Former CIA official Ray McGovern reminds us that on October 27, 1962, during the height of the Cuban Missile Crisis, a single Soviet Navy submarine captain, Vasili Alexandrovich Arkhipov, prevented the outbreak of nuclear war. Arkhipov was one of two captains on Soviet submarine B-59. After hours of B-59 being battered by depth charges from US warships, the other captain, Valentin Grigorievich Savitsky readied a 10-kiloton nuclear weapon capable of wiping out the entire USS Randolph carrier task force, to be readied for launch. It didn’t happen only because Arkhipov was present and countermanded the order and brought the Soviet submarine to the surface. Ray McGovern tells the story here: https://www.zerohedge.com/geopolitical/most-dangerous-moment-human-history and you can read it in Daniel Ellsberg’s book, The Doomsday Machine. The really scary part of the story is that US intelligence was so incompetent that Washington had no idea that Soviet nuclear weapons were in the combat area on a submarine undergoing debt-charging by the US Navy. The brass thought they could teach the Soviets a lesson by sinking a submarine and came close to getting the United States destroyed.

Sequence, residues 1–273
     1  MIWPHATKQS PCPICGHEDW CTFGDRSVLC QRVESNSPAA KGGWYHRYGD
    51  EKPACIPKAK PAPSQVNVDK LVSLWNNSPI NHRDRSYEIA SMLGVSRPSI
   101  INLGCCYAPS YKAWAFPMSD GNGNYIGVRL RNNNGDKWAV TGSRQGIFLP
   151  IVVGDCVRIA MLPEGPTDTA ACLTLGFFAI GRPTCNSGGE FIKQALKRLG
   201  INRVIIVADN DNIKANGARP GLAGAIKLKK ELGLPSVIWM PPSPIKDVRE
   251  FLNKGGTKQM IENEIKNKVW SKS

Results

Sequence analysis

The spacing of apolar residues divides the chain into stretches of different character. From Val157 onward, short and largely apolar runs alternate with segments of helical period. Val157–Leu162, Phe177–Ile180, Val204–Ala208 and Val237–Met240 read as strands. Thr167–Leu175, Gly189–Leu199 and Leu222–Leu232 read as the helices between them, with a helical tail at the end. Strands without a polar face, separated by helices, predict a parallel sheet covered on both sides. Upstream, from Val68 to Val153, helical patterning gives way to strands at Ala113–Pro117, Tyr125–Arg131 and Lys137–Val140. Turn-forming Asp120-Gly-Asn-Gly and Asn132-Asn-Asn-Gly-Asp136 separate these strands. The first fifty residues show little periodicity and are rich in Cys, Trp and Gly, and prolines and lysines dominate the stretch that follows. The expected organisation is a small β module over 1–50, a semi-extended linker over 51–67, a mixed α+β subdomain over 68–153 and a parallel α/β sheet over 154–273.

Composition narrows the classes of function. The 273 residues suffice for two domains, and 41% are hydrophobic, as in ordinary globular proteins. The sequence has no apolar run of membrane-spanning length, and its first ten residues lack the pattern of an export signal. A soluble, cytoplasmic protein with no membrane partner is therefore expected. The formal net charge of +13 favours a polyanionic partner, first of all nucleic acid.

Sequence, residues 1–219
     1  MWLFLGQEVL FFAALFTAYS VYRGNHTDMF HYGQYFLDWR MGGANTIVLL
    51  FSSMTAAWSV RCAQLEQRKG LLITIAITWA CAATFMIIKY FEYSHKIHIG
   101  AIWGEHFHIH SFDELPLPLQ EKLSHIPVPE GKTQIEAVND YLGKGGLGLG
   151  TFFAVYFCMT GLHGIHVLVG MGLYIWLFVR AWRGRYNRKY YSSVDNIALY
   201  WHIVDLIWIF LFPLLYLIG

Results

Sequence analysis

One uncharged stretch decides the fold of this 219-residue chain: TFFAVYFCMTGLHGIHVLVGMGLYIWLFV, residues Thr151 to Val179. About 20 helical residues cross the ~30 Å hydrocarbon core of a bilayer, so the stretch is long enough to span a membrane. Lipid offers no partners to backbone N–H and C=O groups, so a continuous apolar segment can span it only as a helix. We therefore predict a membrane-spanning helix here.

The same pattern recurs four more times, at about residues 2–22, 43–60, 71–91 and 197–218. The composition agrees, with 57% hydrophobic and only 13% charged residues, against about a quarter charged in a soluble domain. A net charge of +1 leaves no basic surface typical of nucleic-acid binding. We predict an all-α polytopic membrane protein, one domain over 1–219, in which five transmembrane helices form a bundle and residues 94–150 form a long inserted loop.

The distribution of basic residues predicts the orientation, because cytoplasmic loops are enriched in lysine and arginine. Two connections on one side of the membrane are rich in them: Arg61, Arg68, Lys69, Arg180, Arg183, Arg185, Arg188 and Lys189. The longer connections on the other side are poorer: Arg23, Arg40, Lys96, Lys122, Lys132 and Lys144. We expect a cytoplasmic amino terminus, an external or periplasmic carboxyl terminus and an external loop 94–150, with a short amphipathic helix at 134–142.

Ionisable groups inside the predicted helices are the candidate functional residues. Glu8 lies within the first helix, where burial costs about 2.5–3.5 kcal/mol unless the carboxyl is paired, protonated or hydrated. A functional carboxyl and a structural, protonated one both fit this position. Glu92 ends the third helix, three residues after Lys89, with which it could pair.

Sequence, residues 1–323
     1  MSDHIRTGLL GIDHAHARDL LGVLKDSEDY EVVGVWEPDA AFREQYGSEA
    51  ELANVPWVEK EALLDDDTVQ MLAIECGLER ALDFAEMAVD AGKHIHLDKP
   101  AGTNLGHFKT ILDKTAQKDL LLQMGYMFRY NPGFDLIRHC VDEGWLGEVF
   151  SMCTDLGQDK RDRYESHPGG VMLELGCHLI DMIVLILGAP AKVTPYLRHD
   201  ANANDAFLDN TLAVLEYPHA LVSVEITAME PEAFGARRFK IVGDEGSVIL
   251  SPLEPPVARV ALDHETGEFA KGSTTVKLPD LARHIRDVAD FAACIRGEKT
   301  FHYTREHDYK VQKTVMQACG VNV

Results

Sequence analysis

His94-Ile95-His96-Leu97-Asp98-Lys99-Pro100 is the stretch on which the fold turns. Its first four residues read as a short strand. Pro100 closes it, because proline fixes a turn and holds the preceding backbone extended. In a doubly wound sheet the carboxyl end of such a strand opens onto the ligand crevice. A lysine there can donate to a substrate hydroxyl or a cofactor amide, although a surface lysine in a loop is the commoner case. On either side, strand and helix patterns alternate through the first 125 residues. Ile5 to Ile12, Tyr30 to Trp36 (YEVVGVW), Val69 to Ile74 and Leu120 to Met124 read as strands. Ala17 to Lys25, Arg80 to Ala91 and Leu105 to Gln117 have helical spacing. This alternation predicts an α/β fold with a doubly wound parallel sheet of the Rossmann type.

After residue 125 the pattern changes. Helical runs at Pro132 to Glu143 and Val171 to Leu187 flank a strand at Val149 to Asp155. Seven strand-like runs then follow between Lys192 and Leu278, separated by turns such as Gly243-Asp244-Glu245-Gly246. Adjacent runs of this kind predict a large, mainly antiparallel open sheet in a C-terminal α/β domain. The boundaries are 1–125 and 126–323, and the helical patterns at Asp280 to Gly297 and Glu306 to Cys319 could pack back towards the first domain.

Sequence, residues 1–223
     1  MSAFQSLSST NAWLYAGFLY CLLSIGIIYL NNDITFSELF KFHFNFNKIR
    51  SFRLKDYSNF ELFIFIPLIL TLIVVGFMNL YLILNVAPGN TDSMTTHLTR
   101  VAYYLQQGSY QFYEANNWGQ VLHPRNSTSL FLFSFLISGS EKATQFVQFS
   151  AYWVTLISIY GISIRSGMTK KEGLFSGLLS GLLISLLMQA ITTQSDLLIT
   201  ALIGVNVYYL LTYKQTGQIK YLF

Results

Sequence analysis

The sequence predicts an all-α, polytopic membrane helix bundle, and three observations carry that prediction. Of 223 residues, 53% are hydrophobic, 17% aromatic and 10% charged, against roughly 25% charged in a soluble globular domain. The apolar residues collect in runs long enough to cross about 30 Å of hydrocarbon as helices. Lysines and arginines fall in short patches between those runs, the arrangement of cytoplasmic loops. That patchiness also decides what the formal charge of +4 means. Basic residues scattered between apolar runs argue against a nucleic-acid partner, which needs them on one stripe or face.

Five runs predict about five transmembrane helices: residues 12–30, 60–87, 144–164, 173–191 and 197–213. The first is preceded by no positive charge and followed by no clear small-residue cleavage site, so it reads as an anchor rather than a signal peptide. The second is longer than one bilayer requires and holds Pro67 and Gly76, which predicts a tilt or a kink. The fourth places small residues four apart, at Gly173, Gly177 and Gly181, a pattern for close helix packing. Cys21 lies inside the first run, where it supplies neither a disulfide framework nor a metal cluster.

Another Soviet hero who prevented nuclear war was Stanislav Yevgrafovich Petrov who disobeyed Soviet military protocol and did not pass on reports of incoming US ICBMs. He did not believe that there was a military/political basis for such an attack and concluded it was a malfunction of the Soviet satellite warning system, which it was.

Many times both Americans and Soviets overrode warnings on the basis of judgment. My colleague, Zbigniew Brezezinski told me the story of being awakened at 2AM with reports of incoming Soviet ICBMs. It turned out that a simulation of an attack had in some way gotten into the warning system and was reported as real. It was a very close call. Someone doubted it enough to detect the error before Brezezinski woke the president.

Today with tensions so high and neither side trusting the other, the probability of human judgment prevailing over official warning systems is much lower.